One in five of England’s grammar schools – thirty-five selective schools in total – are preparing bids for the government’s £50 million Selective School Expansion Fund, according to research from lobby group Comprehensive Future.
If all the applications are approved it will mean the schools taking an additional 1,089 pupils annually, amounting to 5,445 pupils over five years – an expansion equivalent to seven new selective schools. Further expansions are likely over the next three years.
The findings have once again raised the issue of significant funding being given to selective education at a time when school budgets are under severe pressure.
To recap, grammar schools have until the end of July to submit bids for the £50m fund and, if successful, will be able to access cash from September this year.
Crucially, as part of their bids existing grammar schools need to set out what action they will take to boost the number of disadvantaged pupils they admit following criticism of a lack of diversity.
However, Melissa Benn, chair of Comprehensive Future, has reservations: “Parliament has declared that there should be no more selective schools and it is clear that if the issue were put to a vote in Parliament again, this would remain the case. Yet the government is set on expanding our remaining 163 grammars, directing much-needed money, at a time of funding crisis in education, to their plan.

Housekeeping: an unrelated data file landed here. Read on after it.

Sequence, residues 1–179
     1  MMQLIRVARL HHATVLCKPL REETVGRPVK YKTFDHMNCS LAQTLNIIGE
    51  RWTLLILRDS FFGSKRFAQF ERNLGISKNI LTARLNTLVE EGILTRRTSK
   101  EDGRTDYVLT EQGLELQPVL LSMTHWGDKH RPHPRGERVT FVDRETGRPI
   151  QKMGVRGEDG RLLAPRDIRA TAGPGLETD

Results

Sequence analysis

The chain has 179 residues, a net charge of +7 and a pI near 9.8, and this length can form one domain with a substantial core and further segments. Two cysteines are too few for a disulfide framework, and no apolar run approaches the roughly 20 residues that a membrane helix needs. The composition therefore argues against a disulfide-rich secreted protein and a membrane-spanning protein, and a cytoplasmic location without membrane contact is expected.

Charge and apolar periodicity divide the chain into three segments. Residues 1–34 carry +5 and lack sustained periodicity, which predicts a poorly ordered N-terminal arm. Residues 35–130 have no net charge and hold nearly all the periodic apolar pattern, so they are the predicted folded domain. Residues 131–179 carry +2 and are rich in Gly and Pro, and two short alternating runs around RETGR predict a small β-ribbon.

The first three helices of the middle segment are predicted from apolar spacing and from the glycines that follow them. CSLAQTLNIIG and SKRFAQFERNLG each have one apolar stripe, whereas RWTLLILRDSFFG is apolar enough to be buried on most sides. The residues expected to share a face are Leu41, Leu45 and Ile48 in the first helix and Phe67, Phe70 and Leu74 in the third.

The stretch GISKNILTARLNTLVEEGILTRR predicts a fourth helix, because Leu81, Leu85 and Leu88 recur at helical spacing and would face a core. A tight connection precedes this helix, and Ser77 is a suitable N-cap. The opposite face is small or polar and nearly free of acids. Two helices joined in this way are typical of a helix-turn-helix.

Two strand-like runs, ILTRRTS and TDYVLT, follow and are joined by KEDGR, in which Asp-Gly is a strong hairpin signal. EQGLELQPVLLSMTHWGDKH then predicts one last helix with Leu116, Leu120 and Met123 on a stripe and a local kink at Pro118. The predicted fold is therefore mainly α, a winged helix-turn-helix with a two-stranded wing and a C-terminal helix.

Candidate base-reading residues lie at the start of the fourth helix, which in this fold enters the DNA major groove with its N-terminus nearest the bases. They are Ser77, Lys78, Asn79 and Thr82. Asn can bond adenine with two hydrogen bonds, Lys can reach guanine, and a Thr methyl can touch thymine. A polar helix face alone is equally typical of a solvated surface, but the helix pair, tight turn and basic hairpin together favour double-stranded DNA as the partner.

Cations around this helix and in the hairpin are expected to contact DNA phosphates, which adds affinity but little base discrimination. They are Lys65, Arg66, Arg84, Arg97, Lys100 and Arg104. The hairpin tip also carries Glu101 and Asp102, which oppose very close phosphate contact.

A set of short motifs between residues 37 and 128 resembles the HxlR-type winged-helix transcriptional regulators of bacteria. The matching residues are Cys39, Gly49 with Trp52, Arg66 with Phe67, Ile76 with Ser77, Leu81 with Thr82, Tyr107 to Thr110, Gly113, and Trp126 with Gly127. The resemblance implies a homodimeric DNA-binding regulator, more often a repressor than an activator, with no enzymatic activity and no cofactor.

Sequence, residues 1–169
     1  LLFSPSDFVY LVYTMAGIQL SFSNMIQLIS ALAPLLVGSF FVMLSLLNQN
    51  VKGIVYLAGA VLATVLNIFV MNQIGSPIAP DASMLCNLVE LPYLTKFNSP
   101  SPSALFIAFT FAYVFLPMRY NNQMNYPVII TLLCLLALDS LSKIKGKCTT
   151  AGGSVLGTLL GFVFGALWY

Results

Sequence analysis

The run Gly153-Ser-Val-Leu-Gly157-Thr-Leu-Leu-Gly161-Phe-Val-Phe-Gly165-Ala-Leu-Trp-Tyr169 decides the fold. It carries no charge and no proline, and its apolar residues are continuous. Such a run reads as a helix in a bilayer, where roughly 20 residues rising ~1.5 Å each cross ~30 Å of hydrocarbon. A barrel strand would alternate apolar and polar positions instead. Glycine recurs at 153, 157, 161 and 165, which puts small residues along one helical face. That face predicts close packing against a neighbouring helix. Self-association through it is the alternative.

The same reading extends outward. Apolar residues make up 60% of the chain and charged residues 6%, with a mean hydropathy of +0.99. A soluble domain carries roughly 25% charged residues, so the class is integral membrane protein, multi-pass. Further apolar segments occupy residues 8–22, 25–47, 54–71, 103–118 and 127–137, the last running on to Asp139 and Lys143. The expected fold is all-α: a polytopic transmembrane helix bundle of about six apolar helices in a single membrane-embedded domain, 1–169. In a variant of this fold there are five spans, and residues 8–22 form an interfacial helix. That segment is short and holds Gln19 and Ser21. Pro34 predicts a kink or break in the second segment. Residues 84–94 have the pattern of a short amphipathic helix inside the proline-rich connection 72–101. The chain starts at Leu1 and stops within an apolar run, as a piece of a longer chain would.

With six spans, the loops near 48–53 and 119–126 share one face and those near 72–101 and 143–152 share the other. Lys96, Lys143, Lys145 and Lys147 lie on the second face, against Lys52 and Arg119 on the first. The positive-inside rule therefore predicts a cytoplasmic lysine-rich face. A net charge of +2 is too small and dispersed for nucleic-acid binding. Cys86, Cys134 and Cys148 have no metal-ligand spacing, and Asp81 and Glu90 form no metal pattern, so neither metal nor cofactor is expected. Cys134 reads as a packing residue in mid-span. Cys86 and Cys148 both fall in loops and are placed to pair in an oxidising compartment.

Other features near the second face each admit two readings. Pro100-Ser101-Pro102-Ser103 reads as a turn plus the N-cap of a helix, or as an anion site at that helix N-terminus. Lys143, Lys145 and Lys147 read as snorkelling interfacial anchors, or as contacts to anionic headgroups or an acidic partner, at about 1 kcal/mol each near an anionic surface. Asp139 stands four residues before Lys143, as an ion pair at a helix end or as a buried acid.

“If these, and further expansions, go ahead, we will see significant changes to our education landscape. Expanding selective school places imbalances local school communities and causes serious problems for nearby secondary schools. They not only lose per-pupil funding but find the balance of pupils at their schools changing so creating de facto secondary moderns.”
Headteacher Liam Collins, from Uplands Community College, an East Sussex secondary school, said: “I am dismayed to find that a nearby Kent grammar school is seeking to offer additional ‘out of area placements’ taking pupils from my local area. This move is both unnecessary and damaging when we know that comprehensive schools are successful in helping students achieve high outcomes and move onto some of the best universities.”
“Comprehensives benefit everyone in their community, while grammar schools are almost 100% socially engineered from the 11-plus test, where parents pay huge tutor fees to help their children gain access to these selective schools.”
Benn added: “Most parents do not want a return to a grammar and secondary modern divide. Yet this government is seeking to expand selection through the back door, creating thousands of new selective places while avoiding any real scrutiny. The government should fund good schools that work for everyone, not schools that divide and create further problems for the majority of pupils.”